More brain, O Lord, more brain! or we shall mar
Utterly this fair garden we might win.
Behold! I looked for peace, and thought it near.
Our inmost hearts had opened, each to each.
We drank the pure daylight of honest speech.
Alas! that was the fatal draught, I fear.
For when of my lost Lady came the word,
This woman, O this agony of flesh!
Jealous devotion bade her break the mesh,
That I might seek that other like a bird.
I do adore the nobleness! despise
The act! She has gone forth, I know not where.
Will the hard world my sentience of her share
I feel the truth; so let the world surmise.

XLIX

He found her by the ocean's moaning verge,
Nor any wicked change in her discerned;
And she believed his old love had returned,
Which was her exultation, and her scourge.
She took his hand, and walked with him, and seemed
The wife he sought, though shadow-like and dry.
She had one terror, lest her heart should sigh,
And tell her loudly she no longer dreamed.
She dared not say, 'This is my breast: look in.'
But there's a strength to help the desperate weak.
That night he learned how silence best can speak
The awful things when Pity pleads for Sin.
About the middle of the night her call
Was heard, and he came wondering to the bed.
'Now kiss me, dear! it may be, now!' she said.
Lethe had passed those lips, and he knew all.

L

Thus piteously Love closed what he begat:
The union of this ever-diverse pair!
These two were rapid falcons in a snare,
Condemned to do the flitting of the bat.
Lovers beneath the singing sky of May,
They wandered once; clear as the dew on flowers:
But they fed not on the advancing hours:
Their hearts held cravings for the buried day.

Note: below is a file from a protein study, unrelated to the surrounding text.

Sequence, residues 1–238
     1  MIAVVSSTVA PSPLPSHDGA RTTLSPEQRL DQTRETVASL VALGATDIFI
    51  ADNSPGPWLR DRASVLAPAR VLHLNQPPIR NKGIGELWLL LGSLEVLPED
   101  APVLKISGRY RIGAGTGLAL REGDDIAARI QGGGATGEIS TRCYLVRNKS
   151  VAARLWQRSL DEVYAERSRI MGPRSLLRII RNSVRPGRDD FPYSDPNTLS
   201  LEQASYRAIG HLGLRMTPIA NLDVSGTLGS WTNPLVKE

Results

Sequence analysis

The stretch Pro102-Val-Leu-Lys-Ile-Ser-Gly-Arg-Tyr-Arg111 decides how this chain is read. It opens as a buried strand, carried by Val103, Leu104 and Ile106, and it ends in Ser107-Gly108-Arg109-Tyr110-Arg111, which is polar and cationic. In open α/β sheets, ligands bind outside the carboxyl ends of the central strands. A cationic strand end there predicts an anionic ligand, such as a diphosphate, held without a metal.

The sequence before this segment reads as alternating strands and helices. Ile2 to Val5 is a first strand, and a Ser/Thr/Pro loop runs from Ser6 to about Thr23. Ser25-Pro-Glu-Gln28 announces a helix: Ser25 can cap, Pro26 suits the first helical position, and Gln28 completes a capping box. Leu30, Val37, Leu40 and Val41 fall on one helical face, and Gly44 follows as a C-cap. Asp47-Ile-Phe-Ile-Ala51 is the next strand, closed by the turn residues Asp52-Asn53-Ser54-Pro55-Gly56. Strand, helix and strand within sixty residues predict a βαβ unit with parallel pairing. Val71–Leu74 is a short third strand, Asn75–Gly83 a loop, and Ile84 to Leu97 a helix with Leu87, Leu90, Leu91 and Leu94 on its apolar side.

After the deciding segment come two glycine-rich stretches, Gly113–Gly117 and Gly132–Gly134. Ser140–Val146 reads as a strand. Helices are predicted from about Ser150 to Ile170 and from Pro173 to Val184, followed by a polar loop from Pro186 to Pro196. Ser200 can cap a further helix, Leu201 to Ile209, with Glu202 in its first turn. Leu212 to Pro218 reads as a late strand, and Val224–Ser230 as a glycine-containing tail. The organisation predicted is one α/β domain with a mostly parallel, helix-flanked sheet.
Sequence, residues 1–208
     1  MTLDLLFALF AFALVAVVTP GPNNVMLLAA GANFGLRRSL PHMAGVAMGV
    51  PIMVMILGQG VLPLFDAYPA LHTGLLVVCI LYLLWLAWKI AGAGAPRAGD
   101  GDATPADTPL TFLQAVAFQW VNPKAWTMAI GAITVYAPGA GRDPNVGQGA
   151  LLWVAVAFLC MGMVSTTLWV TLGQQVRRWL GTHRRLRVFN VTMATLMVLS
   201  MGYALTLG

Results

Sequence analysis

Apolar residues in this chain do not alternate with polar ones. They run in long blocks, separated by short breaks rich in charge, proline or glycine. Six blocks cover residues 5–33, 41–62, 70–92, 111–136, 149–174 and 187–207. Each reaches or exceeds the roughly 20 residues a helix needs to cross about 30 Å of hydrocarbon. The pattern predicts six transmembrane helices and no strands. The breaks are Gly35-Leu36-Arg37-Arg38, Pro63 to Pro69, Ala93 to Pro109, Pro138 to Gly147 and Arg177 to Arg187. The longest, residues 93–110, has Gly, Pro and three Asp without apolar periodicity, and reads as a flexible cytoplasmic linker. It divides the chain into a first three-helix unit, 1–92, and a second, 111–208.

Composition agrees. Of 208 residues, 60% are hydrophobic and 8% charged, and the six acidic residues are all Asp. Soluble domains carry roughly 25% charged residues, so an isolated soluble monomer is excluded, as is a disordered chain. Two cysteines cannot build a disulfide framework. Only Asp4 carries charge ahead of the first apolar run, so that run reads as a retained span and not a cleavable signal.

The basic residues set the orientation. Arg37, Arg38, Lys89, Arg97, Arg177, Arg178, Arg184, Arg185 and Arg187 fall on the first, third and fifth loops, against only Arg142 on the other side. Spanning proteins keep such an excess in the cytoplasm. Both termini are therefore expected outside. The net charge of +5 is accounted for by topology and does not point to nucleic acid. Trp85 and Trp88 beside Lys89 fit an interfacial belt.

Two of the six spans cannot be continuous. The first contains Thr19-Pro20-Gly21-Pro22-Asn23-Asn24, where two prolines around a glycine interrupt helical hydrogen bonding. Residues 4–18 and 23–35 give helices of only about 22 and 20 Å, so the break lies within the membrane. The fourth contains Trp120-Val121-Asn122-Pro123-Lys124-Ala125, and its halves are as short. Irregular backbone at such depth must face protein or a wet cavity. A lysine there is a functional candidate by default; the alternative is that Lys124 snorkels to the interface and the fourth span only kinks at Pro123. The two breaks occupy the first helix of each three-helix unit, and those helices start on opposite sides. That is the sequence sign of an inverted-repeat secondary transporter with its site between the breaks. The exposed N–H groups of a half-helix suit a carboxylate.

Then each applied to each that fatal knife,
Deep questioning, which probes to endless dole.
Ah, what a dusty answer gets the soul
When hot for certainties in this our life! -
In tragic hints here see what evermore
Moves dark as yonder midnight ocean's force,
Thundering like ramping hosts of warrior horse,
To throw that faint thin fine upon the shore!

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Eulogy For Caloyski

Caloyski
was a good man
he was always
silent
listening and
participating
about educating the
workers
that time there were
few
stores in the city
and C. served
snacks
and it was
delicious

Bennie is a happy
wife
for Caloyski was not
a problematic man
who gave him
many children who shall
work in
the store and then
later on
have lives of their
own

ah, everyone is like
a smoke
from a firewood burning
slow
passing
yes merely passing

no one stays here
forever
the same thing that
Caloyski explained to his
kids when he
was still alive
and sane

NOW he shall be
silent forever
and forever shall he
be a good man
for those who still
remember.

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George Meredith

Modern Love XLIX: He Found Her

He found her by the ocean's moaning verge,
Nor any wicked change in her discerned;
And she believed his old love had returned,
Which was her exultation, and her scourge.
She took his hand, and walked with him, and seemed
The wife he sought, though shadow-like and dry.